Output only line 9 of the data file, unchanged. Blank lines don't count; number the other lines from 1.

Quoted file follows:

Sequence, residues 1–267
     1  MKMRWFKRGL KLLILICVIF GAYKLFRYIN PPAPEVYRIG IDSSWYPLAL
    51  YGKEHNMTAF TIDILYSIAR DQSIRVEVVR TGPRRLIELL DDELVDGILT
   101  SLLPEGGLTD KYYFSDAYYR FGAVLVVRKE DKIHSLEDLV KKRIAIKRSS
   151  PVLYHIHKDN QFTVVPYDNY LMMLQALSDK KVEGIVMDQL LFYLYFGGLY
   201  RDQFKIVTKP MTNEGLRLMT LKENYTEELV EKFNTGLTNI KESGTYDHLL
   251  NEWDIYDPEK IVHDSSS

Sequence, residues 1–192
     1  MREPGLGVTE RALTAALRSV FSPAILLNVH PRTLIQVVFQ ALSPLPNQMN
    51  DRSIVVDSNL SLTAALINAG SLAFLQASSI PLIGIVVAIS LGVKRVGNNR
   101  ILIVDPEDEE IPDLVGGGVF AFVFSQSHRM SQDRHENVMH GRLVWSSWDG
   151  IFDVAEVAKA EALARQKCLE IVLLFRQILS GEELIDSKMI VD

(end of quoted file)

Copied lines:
     1  MREPGLGVTE RALTAALRSV FSPAILLNVH PRTLIQVVFQ ALSPLPNQMN